From a great New Yorker piece from 2011 on crowd psychology:
The origins of the term Black Friday are obscure. Some think that it was first used by the police in Philadelphia to describe the snarled traffic and sidewalk hassles that came with the day after Thanksgiving and crowds arriving for the city’s annual Army-Navy game. Others have defined Black Friday as the day that merchants’ balance sheets crossed over into the black. Either way, it is now a de-facto national shopping holiday. On TV, images of people racing through the aisles of stores for sale-priced items, in a sort of American Pamplona, have become as much a part of the day after Thanksgiving as leftovers. Shoppers get discounts, programmers get some lively content for a slow news day, and retailers get free publicity: a good deal for everyone, except for the clerks who have to work that day, breaking up fights among shoppers and cleaning up the mess left behind.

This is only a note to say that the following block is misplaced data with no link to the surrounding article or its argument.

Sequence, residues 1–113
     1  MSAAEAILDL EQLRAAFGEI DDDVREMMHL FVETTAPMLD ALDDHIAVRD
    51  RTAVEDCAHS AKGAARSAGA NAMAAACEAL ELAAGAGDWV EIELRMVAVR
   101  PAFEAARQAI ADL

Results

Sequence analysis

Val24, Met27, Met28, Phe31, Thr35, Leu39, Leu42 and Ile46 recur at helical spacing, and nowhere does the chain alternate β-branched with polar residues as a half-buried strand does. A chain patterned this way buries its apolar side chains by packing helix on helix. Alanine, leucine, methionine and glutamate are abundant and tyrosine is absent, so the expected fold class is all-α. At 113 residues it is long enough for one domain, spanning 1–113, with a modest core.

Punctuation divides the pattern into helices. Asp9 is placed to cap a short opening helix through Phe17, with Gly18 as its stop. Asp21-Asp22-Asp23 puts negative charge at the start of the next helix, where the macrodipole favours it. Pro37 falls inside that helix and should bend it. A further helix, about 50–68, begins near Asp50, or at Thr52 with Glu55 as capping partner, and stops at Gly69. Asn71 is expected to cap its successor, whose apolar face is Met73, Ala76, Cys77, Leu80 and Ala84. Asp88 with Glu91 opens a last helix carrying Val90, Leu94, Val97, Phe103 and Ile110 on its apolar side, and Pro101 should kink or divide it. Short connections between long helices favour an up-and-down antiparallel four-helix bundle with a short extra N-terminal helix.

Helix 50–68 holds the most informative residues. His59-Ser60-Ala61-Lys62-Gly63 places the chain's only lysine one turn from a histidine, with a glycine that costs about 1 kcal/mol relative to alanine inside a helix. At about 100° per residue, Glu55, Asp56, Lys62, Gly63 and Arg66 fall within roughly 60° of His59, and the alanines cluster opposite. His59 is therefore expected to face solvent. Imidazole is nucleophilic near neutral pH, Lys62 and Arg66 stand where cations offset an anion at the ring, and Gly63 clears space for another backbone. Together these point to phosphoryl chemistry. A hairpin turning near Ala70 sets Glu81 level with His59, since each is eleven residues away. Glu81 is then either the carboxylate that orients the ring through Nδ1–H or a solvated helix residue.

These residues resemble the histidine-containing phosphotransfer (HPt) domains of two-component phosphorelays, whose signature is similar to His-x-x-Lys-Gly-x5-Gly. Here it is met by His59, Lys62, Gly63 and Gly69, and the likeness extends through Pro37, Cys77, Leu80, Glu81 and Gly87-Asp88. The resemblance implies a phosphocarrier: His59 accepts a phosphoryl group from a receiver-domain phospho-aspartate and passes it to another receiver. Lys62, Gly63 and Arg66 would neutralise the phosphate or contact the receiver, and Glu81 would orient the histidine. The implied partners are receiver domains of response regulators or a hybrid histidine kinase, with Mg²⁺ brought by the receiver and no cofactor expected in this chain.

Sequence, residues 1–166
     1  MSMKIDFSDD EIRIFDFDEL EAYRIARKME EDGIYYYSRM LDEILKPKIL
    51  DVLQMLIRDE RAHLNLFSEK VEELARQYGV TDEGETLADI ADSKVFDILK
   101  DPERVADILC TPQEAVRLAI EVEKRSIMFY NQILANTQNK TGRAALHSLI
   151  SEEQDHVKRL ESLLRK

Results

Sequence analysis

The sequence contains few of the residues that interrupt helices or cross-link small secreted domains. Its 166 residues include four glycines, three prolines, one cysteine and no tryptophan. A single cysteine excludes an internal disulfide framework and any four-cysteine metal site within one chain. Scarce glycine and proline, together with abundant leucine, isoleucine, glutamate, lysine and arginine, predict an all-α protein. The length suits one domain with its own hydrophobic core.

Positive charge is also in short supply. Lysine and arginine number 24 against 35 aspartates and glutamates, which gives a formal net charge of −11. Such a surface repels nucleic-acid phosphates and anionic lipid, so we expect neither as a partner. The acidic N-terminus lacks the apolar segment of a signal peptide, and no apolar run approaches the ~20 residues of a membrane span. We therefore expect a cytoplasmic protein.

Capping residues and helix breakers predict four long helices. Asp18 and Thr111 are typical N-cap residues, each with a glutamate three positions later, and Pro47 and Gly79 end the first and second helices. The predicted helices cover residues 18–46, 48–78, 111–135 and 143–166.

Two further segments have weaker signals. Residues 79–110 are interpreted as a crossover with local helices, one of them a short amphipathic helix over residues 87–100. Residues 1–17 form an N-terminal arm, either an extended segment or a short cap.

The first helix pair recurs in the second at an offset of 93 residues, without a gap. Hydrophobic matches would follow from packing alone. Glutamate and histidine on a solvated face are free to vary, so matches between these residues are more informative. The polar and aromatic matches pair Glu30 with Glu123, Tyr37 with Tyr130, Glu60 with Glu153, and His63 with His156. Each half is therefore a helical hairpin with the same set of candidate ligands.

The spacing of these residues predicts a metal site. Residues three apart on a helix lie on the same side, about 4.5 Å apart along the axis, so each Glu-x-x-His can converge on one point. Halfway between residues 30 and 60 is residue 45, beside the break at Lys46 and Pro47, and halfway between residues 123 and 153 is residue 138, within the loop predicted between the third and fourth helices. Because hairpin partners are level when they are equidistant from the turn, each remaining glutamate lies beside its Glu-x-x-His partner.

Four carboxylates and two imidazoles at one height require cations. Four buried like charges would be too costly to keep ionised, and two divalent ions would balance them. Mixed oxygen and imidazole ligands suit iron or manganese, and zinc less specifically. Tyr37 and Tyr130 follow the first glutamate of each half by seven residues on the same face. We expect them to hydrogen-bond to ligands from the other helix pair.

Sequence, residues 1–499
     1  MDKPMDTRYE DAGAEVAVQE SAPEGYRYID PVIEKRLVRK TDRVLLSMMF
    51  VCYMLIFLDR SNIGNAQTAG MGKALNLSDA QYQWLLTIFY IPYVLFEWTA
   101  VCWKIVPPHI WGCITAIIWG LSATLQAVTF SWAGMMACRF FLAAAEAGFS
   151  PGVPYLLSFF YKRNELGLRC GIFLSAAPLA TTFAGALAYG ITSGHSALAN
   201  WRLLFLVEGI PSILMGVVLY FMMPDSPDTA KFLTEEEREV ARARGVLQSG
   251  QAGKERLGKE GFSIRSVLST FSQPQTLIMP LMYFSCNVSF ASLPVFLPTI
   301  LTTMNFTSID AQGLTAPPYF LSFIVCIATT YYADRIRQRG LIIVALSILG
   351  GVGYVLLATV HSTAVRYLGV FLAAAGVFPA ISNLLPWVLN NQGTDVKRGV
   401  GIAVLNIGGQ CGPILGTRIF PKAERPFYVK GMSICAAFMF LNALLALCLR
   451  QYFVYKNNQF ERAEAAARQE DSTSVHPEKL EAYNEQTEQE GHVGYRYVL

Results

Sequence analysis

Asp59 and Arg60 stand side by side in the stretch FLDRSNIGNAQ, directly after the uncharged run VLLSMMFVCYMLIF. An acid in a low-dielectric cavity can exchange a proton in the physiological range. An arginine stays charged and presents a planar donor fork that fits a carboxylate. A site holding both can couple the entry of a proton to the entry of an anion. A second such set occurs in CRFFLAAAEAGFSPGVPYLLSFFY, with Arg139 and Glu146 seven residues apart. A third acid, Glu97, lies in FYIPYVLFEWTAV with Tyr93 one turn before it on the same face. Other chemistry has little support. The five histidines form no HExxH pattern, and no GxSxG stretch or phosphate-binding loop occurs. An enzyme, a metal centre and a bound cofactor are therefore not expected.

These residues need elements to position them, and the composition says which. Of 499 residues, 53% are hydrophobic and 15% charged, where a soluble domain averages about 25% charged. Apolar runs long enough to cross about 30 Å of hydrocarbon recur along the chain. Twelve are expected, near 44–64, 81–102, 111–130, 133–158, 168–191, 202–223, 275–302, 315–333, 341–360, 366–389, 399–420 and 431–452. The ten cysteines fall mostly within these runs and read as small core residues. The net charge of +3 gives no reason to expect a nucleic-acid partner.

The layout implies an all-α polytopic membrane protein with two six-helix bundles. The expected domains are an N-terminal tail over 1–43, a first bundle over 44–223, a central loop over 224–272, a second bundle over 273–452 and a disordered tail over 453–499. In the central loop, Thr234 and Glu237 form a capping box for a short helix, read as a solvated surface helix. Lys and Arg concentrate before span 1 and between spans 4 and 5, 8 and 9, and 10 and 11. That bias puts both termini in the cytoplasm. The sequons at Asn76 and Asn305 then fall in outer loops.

There had been injuries on previous Black Fridays, but no one had ever died before Jdimytai Damour went down in the Valley Stream Wal-Mart. His death, and the “Wal-Mart Stampede” that caused it, was the lead story on news channels across the country that evening, and it provoked a vast outcry of horror. In days of commentary that followed, the crowd was widely vilified. The tone of much of the reaction was captured by a letter writer to the New York Post, who blamed “the animals (you know who you are) who stampeded that poor man at Wal-Mart on Black Friday: You are a perfect example of the depraved decadence of society today.”
To be clear: we are all animals. Rich, poor, black, white, Latino, Chinese, Indian, —every human on every continent is an animal. Whatever humans are orbiting in space are animals too.
We like to think of ourselves as these evolved beings with smartphones and clothing, the smartest creatures on Earth. What we usually don’t bother to acknowledge our animal instincts. Our survival instincts for food and shelter and sleep. The fact that we make many day-to-day decisions in life based on irrational reasons.
Underneath our higher brain lies the lizard brain, the emotional brain we can’t control.
I think it’s reckless for any business to have events without proper understanding of crowd psychology and without implementing proper measures to avoid bullshit like stampedes and looting.